5 Things I Didn’t Know About Web Accessibility
With the increasing pervasiveness and availability of the web, web accessibility is becoming less of a feature and more of a necessity. But these rules do not only apply to public-facing applications, but more and more internal applications are requiring ADA compliance. Some guidelines are difficult (even impossible) to follow while keeping up with current design trends. Public-facing applications need to weigh the cost on aesthetics to decide whether it will help or hinder traffic. It is also important for sites in finance and communication to keep in mind possible law suits that may arise from unintentionally portraying misleading content to screen readers. As I have been developing accessible websites, I have found that there are some small improvements that can be made to dramatically increase accessibility, without hitting your design too hard (and may even help your UX).
At a glance
- Provide text alternatives for non-text content.
- Provide captions and other alternatives for multimedia.
- Create content that can be presented in different ways, including by assistive technologies, without losing meaning.
- Make it easier for users to see and hear content.
- Make all functionality available from a keyboard.
- Give users enough time to read and use content.
- Do not use content that causes seizures.
- Help users navigate and find content.
- Make text readable and understandable.
- Make content appear and operate in predictable ways.
- Help users avoid and correct mistakes.
- Maximize compatibility with current and future user tools.
The big five
- h1-h6 tags must be in order
- Background image vs image tag actually matters
- Colors shouldn’t be the only thing to define meaning
- Can’t skimp on alts
- Sufficient contrast
h3 should be subsection of h2, which should be subsection of h1. If you follow good css and style techniques, this shouldn’t be too much of an issue, but it’s an easy one to forget.
Screen readers interpret background images and img tags differently. In essence, use background images if it is not part of the content and use an image tag if it has some kind of inherent meaning, like a warning icon or an image that you would want part of the page if printed.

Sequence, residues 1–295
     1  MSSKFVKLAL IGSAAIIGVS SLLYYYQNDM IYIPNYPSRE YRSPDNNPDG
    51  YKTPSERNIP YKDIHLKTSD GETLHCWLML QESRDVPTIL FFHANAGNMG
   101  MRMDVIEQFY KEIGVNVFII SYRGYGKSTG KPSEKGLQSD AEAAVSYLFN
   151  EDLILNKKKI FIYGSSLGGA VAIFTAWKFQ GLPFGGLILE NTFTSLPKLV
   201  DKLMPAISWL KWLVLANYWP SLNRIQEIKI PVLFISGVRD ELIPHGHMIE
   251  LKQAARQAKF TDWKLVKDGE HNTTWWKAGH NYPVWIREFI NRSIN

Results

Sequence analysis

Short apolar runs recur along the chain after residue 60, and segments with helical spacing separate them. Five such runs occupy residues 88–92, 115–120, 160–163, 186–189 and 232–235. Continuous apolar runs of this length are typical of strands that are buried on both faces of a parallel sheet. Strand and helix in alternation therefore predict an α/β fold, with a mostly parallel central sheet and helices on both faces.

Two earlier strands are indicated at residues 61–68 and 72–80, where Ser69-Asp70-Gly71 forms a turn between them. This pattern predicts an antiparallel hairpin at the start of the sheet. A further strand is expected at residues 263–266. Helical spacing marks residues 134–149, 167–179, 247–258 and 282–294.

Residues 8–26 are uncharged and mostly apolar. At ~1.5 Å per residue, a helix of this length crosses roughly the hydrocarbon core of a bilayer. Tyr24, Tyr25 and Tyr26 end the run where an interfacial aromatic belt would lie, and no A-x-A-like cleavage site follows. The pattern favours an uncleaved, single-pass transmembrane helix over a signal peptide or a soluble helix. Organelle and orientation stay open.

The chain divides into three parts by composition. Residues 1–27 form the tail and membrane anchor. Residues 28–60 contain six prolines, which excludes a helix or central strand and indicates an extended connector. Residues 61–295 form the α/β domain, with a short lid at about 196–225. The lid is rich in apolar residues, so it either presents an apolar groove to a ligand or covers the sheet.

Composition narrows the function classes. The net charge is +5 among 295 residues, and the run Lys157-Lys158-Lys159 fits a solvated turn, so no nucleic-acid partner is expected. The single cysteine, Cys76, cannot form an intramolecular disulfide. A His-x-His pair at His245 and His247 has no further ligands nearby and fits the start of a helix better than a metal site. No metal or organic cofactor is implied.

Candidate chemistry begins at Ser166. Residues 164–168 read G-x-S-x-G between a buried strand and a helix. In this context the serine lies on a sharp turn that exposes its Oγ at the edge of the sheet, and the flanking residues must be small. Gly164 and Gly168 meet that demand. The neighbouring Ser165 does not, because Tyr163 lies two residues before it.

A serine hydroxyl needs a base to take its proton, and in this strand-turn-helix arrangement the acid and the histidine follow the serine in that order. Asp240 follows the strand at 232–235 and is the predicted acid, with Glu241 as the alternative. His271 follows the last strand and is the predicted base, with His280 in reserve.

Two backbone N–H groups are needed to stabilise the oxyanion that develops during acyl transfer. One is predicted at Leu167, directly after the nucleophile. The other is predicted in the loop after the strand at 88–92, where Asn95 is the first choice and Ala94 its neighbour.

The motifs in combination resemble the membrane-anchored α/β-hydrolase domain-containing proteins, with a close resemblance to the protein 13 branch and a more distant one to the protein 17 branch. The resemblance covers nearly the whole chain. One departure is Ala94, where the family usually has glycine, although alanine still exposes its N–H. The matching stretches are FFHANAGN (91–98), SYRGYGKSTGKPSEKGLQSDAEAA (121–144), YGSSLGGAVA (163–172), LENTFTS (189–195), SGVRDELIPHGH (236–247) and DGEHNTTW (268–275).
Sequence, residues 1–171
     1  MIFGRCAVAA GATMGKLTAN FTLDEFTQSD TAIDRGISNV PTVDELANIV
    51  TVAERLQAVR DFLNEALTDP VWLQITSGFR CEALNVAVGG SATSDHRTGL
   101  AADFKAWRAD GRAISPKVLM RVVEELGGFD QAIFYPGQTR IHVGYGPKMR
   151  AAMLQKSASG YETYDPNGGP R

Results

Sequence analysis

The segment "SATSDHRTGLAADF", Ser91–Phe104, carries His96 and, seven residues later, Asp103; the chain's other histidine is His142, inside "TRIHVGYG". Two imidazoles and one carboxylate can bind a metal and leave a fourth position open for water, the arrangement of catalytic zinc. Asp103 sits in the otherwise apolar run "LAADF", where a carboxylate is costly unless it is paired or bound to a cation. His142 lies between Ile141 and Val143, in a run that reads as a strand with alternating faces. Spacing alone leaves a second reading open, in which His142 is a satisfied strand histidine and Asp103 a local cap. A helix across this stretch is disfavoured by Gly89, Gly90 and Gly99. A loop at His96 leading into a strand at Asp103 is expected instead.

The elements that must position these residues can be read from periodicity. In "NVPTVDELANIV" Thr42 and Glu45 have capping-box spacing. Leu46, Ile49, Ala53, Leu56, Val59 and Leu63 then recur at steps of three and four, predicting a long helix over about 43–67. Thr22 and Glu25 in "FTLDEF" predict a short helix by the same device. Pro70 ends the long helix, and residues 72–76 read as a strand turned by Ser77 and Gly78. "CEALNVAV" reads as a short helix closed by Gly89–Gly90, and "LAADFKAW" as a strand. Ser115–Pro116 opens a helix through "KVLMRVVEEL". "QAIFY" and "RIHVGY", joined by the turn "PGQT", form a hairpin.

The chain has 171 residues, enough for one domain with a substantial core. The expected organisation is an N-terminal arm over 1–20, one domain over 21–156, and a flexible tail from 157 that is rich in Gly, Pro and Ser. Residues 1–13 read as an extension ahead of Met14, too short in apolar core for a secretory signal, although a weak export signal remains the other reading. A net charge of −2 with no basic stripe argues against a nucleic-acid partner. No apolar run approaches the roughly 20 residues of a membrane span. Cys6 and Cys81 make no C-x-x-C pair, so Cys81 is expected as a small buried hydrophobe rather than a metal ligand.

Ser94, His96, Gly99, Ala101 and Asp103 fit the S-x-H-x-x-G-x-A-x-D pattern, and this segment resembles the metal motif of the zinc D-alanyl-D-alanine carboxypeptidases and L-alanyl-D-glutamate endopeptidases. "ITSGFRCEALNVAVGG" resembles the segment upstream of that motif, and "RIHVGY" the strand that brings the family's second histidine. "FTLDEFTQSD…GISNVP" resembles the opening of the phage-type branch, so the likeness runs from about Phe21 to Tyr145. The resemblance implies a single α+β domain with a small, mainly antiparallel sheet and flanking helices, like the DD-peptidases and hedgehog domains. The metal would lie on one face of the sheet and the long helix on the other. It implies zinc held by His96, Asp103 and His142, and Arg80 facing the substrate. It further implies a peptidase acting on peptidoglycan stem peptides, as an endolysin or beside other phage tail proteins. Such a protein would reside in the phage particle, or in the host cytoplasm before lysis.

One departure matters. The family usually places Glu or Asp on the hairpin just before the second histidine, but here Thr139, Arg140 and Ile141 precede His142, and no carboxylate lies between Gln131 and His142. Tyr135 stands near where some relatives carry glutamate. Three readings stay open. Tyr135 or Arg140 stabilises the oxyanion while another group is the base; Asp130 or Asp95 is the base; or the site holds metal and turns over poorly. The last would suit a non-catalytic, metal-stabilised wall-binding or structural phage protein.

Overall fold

In an attempt to be minimalist in your design, it can be easy to use just colors to change the meaning of content. For those that are blind or colorblind, meaning and intention is lost if color is the primary indicator. For example, add an image to your error/success messages, modify text when an element is active, or add a text description when a form field is invalid.
It is really easy to gloss over this, but screen readers fail without alts on images. It’s that simple. It takes a few seconds and is worth your while.
Text becomes unreadable/unnoticeable to some users if it there is not enough contrast between the background and the text. This also goes for background images. Keep this in mind. W3 points out two situations where contrast is not important.
Text or images of text that are part of an inactive user interface component, that are pure decoration, that are not visible to anyone, or that are part of a picture that contains significant other visual content, have no contrast requirement.
Text that is part of a logo or brand name has no minimum contrast requirement.
There are more tools out there than you think
For a fast and easy approach, Chrome has a web accessibility audit tool.
Also, do what this guy did and try out a screen reader for a week. You are bound to learn some things that will be easier to keep in mind when developing.